Twenty years ago this week, Generoso arrived to the basement of the Walker Memorial building at MIT and stepped into the studios of WMBR, 88.1FM Cambridge where he filled in for his friend Chris’ radio show, Spiddle, Urine, Phlegm, and Blood by playing two hours of a mix of original Jamaican and Two Tone Ska.  The program director at the time enjoyed his show and offered Generoso a slot on Tuesdays at midnight and the show remained at that time for the next nineteen years.  In 2010, Generoso met Lily and they began doing the show together ever since.  The show remained on the schedule at WMBR until 2015 when Generoso and Lily moved to Los Angeles where the show continues on Mixcloud.

Over the last twenty years The Bovine Ska and Rocksteady has played early Jamaican music from 1955-1975 ( we sometimes go much earlier than that but rarely later) concentrating on the earliest recorded musics in Jamaica, mento, rhythm and blues, ska, rocksteady, and early reggae.  We have also been fortunate to have some of the greatest recording artists in Jamaican music history visit the show from Jimmy Cliff  to Owen Gray,  Prince Buster, Roy and Yvonne, BB Seaton, Lynn Taitt, Eric Monty Morris,  Keith and Tex, Big Youth, Lord Tanamo, Derrick Morgan, and Laurel Aitken as well as modern performers like Dave Wakeling of The English Beat, Greg Lee from Hepcat and David Hillyard (who composed our opening theme) and Glen Pine from The Slackers.  This has been a blast these last two decades.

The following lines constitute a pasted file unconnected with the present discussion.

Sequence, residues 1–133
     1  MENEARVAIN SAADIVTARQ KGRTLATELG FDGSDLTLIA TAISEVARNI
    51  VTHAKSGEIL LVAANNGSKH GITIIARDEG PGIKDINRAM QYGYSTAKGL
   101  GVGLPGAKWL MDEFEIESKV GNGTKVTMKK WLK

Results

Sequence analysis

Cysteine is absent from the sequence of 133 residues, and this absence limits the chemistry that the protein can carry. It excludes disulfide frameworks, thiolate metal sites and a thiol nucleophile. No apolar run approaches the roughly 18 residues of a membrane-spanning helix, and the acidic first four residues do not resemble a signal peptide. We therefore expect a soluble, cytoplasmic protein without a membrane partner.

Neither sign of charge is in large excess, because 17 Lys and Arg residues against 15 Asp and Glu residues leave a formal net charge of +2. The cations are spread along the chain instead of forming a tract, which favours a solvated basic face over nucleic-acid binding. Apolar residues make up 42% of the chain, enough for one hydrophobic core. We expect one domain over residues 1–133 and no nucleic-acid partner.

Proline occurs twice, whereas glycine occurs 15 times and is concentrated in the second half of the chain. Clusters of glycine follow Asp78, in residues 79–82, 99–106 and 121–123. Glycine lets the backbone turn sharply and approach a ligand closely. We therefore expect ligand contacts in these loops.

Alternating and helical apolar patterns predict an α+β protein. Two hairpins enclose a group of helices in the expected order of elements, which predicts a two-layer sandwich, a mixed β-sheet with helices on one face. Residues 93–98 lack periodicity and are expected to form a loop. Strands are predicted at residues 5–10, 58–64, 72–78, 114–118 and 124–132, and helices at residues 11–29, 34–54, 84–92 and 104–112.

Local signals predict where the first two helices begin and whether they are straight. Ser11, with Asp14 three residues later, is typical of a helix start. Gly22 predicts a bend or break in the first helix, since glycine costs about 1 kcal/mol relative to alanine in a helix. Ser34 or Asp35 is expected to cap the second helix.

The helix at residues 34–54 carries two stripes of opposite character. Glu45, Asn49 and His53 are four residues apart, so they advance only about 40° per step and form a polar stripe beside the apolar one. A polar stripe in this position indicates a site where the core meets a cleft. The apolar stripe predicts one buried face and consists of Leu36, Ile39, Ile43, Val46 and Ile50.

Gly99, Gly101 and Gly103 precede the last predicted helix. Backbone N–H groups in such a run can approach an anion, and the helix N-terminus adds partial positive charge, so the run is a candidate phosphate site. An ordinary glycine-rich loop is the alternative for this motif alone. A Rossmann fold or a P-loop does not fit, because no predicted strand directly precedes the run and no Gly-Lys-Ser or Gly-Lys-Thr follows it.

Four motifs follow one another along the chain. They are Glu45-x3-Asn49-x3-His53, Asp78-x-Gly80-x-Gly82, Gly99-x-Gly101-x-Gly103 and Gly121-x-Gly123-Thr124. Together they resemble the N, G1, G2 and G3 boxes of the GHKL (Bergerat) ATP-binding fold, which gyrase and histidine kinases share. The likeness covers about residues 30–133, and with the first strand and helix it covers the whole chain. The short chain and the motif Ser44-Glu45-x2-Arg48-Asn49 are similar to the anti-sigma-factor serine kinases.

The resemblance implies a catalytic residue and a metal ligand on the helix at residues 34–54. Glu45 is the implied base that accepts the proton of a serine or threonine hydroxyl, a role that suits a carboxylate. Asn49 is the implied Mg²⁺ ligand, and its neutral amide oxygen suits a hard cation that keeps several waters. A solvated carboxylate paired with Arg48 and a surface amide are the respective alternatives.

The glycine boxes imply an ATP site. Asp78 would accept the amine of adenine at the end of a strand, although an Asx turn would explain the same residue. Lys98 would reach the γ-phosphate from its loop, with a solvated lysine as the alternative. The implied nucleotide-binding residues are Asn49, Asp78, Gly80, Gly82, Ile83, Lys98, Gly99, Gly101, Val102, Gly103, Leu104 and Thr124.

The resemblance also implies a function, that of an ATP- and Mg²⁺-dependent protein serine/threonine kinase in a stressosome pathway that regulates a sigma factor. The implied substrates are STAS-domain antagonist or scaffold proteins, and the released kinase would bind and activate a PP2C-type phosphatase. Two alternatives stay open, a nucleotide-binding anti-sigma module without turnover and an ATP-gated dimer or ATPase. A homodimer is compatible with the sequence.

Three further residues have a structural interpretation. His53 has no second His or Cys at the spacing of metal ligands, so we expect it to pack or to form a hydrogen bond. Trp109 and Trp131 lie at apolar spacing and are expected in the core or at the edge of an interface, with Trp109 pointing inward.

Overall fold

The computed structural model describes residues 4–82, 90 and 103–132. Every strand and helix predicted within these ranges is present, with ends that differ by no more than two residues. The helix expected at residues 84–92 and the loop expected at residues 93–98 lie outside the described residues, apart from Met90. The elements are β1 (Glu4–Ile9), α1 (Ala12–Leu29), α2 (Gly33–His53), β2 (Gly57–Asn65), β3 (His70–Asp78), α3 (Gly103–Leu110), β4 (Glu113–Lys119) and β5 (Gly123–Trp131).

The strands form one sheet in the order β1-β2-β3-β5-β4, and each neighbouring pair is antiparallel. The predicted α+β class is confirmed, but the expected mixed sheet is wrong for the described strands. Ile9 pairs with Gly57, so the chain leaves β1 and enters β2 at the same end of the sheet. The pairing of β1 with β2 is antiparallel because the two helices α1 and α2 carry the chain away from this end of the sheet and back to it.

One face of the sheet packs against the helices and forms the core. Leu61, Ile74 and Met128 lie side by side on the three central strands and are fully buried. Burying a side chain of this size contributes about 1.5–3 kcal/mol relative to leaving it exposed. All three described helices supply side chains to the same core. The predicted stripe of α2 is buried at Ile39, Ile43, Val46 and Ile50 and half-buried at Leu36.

Over the last few weeks, Lily and Generoso have rummaged through the years via piles of old cassette tapes, DATs, CDs and MP3s to create this past week’s twentieth anniversary show,  Included are interviews from the aforementioned artists and live performances from the show, and even a set from the patron saint of The Bovine Ska, Magnus Johnstone, who passed away in 2013, as well as the rare recordings of tracks from the performers that you have come to expect over the last twenty years.

We have no intentions of stopping what we have been doing since 1996 and we would like to thank all of the listeners, artists, and WMBR for their support over the years.